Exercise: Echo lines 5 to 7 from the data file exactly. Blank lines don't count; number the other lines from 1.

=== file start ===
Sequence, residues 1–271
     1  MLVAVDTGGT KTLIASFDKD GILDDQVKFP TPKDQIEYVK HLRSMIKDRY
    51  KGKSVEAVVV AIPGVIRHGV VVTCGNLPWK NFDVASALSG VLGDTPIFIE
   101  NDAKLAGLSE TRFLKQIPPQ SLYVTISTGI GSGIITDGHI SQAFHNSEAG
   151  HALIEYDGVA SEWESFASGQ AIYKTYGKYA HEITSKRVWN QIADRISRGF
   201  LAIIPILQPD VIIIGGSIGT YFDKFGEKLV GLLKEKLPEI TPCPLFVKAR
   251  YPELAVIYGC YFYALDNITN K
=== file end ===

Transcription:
   151  HALIEYDGVA SEWESFASGQ AIYKTYGKYA HEITSKRVWN QIADRISRGF
   201  LAIIPILQPD VIIIGGSIGT YFDKFGEKLV GLLKEKLPEI TPCPLFVKAR
   251  YPELAVIYGC YFYALDNITN K